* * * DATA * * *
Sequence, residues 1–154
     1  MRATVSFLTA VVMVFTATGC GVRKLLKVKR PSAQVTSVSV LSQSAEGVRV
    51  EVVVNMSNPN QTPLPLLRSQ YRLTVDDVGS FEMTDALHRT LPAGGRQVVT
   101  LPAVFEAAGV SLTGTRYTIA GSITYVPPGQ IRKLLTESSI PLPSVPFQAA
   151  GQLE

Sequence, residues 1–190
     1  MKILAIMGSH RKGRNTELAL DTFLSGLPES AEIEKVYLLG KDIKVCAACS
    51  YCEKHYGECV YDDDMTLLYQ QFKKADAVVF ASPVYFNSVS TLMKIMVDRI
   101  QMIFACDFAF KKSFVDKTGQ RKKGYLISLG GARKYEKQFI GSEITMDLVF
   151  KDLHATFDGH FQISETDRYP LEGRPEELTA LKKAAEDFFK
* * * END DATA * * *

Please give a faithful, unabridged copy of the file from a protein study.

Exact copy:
Sequence, residues 1–154
     1  MRATVSFLTA VVMVFTATGC GVRKLLKVKR PSAQVTSVSV LSQSAEGVRV
    51  EVVVNMSNPN QTPLPLLRSQ YRLTVDDVGS FEMTDALHRT LPAGGRQVVT
   101  LPAVFEAAGV SLTGTRYTIA GSITYVPPGQ IRKLLTESSI PLPSVPFQAA
   151  GQLE

Sequence, residues 1–190
     1  MKILAIMGSH RKGRNTELAL DTFLSGLPES AEIEKVYLLG KDIKVCAACS
    51  YCEKHYGECV YDDDMTLLYQ QFKKADAVVF ASPVYFNSVS TLMKIMVDRI
   101  QMIFACDFAF KKSFVDKTGQ RKKGYLISLG GARKYEKQFI GSEITMDLVF
   151  KDLHATFDGH FQISETDRYP LEGRPEELTA LKKAAEDFFK